HealthFocused

Educational health information to improve your well-being.

Is Mindfulness More Than Just A Buzzword?

May 16, 2018
Published in: Fitness, Mental Health

Woman with her hands behind her head, in a field, staring off towards the mountains

Think for a moment about your morning routine. How quickly does your mind go to the list of things you want to accomplish in the day? How fast do you grab your phone to check email, social media, or the news? Do your household look more like a hurricane of activity or a relaxed day at the beach? If you're like many people, your life can feel more like a frenzied sprint to get things done rather than a steady step-by-step stroll.

This state of being constantly pulled in a million directions, and the stress it causes has prompted a not-so-new concept to reemerge and go mainstream. It's called mindfulness. Mindfulness is the ability to be present in the moment, and be aware of yourself and your surroundings in real time. Sounds good, right? But in our high tech, fast paced, on demand world, can mindfulness help, or is a just another buzzword?

Connect with Calm

Woman's outstretched arm in a field of tall grassAccounts of people practicing mindfulness stretch back thousands of years. In fact, researchers point to the fact that our brains are naturally wired to function best in a state of being present. In that way, mindfulness is not so much a new concept but rather a return to our best functioning selves.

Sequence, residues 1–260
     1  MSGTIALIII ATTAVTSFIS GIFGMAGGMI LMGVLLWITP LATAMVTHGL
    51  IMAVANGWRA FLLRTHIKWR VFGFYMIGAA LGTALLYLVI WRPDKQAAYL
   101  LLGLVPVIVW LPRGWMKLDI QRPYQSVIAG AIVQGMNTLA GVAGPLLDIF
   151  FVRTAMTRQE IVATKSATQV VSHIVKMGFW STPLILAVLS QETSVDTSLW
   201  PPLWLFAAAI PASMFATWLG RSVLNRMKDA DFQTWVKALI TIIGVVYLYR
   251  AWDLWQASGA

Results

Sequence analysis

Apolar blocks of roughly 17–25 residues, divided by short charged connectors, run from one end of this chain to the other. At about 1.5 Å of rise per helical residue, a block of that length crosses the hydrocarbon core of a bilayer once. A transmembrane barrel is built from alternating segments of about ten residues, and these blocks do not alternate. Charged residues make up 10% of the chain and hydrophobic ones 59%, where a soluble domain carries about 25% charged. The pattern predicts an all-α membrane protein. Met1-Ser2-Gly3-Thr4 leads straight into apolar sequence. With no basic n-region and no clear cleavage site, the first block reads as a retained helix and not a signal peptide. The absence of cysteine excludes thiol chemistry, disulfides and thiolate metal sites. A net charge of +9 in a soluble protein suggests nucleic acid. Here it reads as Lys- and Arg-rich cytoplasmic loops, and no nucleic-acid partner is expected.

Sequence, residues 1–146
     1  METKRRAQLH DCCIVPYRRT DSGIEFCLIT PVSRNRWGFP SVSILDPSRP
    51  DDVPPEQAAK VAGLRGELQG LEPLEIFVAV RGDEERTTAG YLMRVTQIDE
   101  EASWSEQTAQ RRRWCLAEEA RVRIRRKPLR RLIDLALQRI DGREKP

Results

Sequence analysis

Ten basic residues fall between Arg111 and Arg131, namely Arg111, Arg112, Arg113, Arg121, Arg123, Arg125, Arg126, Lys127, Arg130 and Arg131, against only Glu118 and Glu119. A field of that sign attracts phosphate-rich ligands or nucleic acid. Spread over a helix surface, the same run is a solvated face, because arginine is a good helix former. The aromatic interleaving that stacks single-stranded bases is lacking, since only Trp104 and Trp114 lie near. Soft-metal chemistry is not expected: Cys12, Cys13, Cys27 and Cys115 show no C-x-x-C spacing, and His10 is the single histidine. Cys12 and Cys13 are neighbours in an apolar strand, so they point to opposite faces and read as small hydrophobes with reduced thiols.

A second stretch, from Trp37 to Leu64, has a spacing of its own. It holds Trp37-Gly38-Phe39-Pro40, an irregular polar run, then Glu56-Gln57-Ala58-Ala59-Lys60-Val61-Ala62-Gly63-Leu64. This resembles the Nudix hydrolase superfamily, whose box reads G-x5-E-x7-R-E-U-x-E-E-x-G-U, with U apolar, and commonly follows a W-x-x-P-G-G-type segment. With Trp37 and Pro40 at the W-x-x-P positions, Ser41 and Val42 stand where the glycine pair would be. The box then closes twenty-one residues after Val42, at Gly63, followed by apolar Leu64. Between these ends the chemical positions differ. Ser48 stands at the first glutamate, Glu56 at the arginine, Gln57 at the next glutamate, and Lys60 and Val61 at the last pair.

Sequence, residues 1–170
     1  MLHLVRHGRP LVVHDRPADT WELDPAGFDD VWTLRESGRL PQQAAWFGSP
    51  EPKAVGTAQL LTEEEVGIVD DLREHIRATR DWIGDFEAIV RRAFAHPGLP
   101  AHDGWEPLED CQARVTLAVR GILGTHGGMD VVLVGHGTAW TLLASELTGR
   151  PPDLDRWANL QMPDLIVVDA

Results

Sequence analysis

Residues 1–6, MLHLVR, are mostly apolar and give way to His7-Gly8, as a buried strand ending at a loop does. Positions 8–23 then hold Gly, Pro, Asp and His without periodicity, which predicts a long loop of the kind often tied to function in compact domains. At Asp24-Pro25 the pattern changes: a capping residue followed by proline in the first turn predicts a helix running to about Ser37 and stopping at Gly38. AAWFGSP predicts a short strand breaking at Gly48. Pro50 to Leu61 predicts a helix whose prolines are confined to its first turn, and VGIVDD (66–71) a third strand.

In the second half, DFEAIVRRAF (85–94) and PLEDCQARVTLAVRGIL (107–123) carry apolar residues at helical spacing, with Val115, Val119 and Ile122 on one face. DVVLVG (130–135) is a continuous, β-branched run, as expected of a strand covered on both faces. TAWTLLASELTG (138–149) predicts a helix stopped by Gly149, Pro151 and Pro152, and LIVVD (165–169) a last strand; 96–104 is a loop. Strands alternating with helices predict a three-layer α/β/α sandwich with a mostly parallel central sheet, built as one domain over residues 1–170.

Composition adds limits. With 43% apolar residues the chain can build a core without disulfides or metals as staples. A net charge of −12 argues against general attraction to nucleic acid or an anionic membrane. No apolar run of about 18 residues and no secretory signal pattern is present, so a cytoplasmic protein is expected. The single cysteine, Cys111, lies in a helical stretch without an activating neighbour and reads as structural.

While research is still ongoing, many studies have shown that people practicing mindfulness often have:
  • Lower levels of the stress hormone cortisol. High levels of cortisol are linked to blood sugar imbalances, weight gain, a weakened immune system, cardiovascular disease, fertility issues, gastrointestinal disturbances, and many more health issues.
  • Better memory function
  • More energy
  • More resilience during stressful times
  • Increased connection the protective tissue in the brain
  • More compassion
  • Better immune systems
  • Lower risks of depression and anxiety
  • Stable blood pressure
  • Fewer problems maintaining a healthy weight
  • Restful sleep
  • Natural pain relief
  • Brains that age slower
  • An easier time accomplishing goals

Practice Makes Peace

Woman meditating while facing a lake with the setting sun shining on her faceIf you like the benefits of mindfulness – it gets even better! You don't have to be a yoga guru or meditation expert to practice mindfulness. You can start today by practicing these simple but effective mindfulness techniques:

  1. Pause and notice the rise and fall of your breath.
  2. Choose a single task to focus on, like eating breakfast or brushing your hair.
  3. Take notice of your five senses. What do you see, hear, smell, taste, and feel? Take note not to label your observations as either good or bad. Just let them come to mind.
  4. Notice sensations in your body. Scan from head to toe and notice what your body is feeling. Does your nose tickle? Does your leg itch? Simply notice these sensations without judgment.
  5. Ask yourself how you feel in this moment. Again, no judgments, just observations.
  6. Don't try to stop wandering thoughts. Simply let them pass through your mind, and bring your attention gently back to your breath.

Start by practicing mindfulness during one or two activities in your day. In times of stress, use mindfulness to "check-in" with your body and your emotions. Approach your mindfulness practice with curiosity rather than judgment. If you're not sure where to begin, start by tuning into your breath.

Among the many catch-phrases and buzzwords out there, mindfulness seems to be one with staying power. It's hard to deny the benefit of being present, focused, and self-aware. Remember, don't worry about doing it perfectly. With a few simple steps, you can be well on your way to a calmer, happier you.

Augusta Health Fitness offers several classes that incorporate mindfulness. Learn more about our programs or contact the fitness center team at (540) 332-5433.